I'm a 38yo white male who experienced a nearly identical change to Mitochondri'Al's without reducing my carbs at all or changing my exercise routine. I'm taking 2,500mg/day of niacin with no side-effects apart from the flush (which I enjoy). My liver enzymes have remained stable and there has been no appreciable increase in homocysteine. Obviously Dr. Davis has infinitely more experience in this realm, but my suggestion would be to continue with the niacin. 1,500 is definitely a safe dose. Intuitively (and I STRESS "intuitively") I feel that it's better for me to take niacin and eat a moderately low-carb diet than to reduce my carb intake to the vanishingly small amount that Dr. Davis recommends. I have cut out wheat though and most grains. Really would love to reincorporate quinoa Smile

    September 2010
    HDL 39
    LDL 135
    Triglycerides 149
    These values had remained stable for 5 years, remaining unchanged in spite of diet and exercise changes. I won't go into all the VAP and NMR nuances (I've had both tests several times), but all the measures improved VERY dramatically...shifted from pattern B -->A LDL, more than quadrupled the "helpful" form of HDL (8 to 35), essentially eliminated IDL. CRP and Fibrinogen were fine to begin with and remained so after a year.

    November 2011
    HDL 87
    LDL 89
    LDL-P 700
    sdLDL <90
    Triglycerdes 40

    My regime included:
    * 2,500 mg/day nicotinic acid
    * Vitamin K2
    * Lovaza, 2 caps/day (I know Dr. Davis hates Lovaza because of the exorbitant price, but my insurance pays for it and I'm not going to shell out $$$ for a nonprescription fish oil of equivalent dosage)
    * Metformin, 500 mg/day (I'm not remotely diabetic. My NMR IR score was 4. However, I wanted to take it as a general antiaging drug and to offset any possible blood sugar increases from the niacin.)
    * D-3, 4000 mcg (or is it IU?)/day
    * Deplin, 7.5 mg/day (to methylate any extra homocysteine from the niacin and metformin and to provide precursors for monoamine neurotransmitters)
    * TMG (same reason as Deplin)
    * Methyl B12 (same as Deplin and TMG; also I'm vegan and don't get much from my diet)
    * 1 tablespoon extra virgin coconut oil / day
    * I purchased a blood glucose meter and test strips. There's more postprandial fluctuation than I would like to see, but my glycated hemoglobin remains at a respectable 5.1. I'd like to get that down to 4.9.
    * Had the battery of cardiovascular-related genetic tests. I'll only mention one: I'm an ApoE 2/3, meaning that moderate fat intake is indicated (versus low fat for 3/4s and 4/4s).

  • Might-o'chondri-AL

    1/9/2012 10:42:21 PM |

    Hi Jim,
    I think  ineedlabs authorized NMR is now sent through the  Labcorp system & so I got whatever Labcorp's NMR details; namely: "LDL-P,  LDL-C,  HDL-P , HDL-C, Triglycerride, Total Cholesterol, small-LDL, LDL size" & also some suggested interpretations Doc says he ignores. Standard old type of lipid test is not  the same as NMR lipo-protein profile , nor  is the  VAP type of lipid test some get.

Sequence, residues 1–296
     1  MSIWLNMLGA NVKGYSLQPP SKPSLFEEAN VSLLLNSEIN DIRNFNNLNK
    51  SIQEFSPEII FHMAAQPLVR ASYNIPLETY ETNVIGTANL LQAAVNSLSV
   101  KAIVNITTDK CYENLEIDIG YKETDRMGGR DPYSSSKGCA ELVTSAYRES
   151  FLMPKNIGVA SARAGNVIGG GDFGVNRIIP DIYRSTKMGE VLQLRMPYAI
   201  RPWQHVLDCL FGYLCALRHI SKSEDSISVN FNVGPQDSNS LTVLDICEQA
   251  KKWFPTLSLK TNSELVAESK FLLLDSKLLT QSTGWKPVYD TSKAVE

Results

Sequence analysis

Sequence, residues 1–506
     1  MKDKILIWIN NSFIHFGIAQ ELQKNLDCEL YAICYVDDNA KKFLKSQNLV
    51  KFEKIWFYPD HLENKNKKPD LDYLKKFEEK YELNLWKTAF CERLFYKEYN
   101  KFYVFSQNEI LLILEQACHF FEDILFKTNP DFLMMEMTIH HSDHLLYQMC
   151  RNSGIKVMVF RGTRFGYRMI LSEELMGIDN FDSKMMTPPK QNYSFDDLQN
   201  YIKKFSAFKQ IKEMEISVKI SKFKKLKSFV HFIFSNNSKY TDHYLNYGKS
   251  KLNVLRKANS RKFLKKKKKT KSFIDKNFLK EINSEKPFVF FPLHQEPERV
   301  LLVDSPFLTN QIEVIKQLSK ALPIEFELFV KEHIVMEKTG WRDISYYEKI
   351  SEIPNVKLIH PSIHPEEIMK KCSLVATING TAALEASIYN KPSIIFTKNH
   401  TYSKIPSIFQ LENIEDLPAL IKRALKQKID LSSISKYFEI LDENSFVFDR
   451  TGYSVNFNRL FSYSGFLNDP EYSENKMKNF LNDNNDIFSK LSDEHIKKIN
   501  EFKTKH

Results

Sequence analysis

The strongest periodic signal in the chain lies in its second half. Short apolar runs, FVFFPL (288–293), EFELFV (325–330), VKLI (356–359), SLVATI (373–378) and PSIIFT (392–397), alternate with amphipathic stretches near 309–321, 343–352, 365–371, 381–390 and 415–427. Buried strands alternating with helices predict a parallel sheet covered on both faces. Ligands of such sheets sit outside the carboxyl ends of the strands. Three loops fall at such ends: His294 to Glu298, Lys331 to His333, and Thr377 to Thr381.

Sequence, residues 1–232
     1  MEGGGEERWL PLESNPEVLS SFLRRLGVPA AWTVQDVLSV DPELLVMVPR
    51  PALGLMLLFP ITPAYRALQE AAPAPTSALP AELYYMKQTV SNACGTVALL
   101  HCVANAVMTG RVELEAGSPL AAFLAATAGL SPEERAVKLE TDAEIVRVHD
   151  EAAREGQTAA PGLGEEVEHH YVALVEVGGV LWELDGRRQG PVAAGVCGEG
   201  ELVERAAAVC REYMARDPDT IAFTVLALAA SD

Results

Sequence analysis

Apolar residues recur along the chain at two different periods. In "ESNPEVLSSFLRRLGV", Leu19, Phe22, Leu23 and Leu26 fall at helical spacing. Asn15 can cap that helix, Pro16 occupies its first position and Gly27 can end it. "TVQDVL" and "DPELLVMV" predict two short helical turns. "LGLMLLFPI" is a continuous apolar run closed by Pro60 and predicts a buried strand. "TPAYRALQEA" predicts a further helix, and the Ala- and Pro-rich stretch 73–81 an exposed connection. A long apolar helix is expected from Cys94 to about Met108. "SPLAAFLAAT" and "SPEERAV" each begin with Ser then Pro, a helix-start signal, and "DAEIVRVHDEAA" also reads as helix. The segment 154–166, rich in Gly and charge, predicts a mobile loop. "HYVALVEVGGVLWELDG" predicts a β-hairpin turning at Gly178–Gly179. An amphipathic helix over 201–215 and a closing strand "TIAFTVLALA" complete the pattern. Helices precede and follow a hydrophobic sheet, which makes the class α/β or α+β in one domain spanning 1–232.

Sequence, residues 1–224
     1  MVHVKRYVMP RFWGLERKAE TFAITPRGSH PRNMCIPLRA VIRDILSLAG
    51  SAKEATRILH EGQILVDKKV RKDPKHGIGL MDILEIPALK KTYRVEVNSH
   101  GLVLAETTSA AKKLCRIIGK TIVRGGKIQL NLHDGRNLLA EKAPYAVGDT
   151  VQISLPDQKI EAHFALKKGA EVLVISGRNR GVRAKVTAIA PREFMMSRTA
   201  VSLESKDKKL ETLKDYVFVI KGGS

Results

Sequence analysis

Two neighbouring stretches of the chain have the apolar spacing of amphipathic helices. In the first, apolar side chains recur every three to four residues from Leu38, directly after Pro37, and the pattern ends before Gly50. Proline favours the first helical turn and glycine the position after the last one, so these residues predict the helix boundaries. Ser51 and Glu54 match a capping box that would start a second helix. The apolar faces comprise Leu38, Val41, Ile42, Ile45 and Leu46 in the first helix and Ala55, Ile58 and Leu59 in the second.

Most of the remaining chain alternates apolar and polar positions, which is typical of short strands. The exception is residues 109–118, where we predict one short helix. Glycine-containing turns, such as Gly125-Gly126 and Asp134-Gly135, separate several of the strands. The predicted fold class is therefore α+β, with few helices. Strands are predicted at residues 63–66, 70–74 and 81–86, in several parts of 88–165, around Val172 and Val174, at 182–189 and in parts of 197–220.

• Jacob

    1/9/2012 11:00:15 PM |

    @ Mitochondri'Al

    I had my liver enzymes tested pre-niacin and have repeated the test 7 times. There has been no change. From what I've read it's people taking the extended- and sustained-release formulations who develop liver issues. Immediate-release niacin doesn't seem to affect the liver much.

  • Might-o'chondri-AL

    1/10/2012 1:20:11 AM |

    Hi Jacob,
    I daily eat a good cooked handful  (trying to get beyond need to micro-manage all  portions of ingredients)  of low salt canned red beets into my night time hummus salad.  So, maybe that betaine has been enough to neutralize the homocysteine  you just informed me arises from high dose niacin. I have split niacin in 1,000 mg with morning dairy quark & 1,000mg  with evening meal; flushing has long been minor, aside from reddened face I splash with cold water if think anyone will freak out.

    Since you are the first to suggest blood sugar may elevate from taking high dose niacin this is also intriguingly new to me. My understanding is that it is high dose fish oil that Doc's protocol leads to higher blood sugar. When I introduced high dose EPA/DHA fasting serum glucose went from 1st 83 mg/dL  without fish oil after 4 months on fish oil to 88 mg/dL. Of course I  did start fish oil at the same time as  the niacin, but when I kept fish oil constant and varied upward the niacin (from 1,550 to 2,000 daily) for that last 1/2 year  experimentation my fasting serum glucose stayed at 88 mg/dL. Which  implicates fish oil is the controlled factor provoking 3 mg/dL more fasting blood sugar.

    Doc recently trashed the NMR's derivative chat; but  if  other's have noticed the category "IR score" I'll mention lab 1st gave me an "Insulin Resistance Score " (IR) of 45, 2nd test rated an IR score of 4 and then last NMR put me at 1.  But I am inclined to think many other readers may be more prone to overweight & they  may find it extremely helpful to go with Doc's  "very" low carb to see  lab results he aims for them to achieve if their genetics of blood glucose and lipo-protein are not as favorably responsive as mine seem to be.

  • Jacob

    1/10/2012 3:33:50 AM |

    @Mitochondri'Al...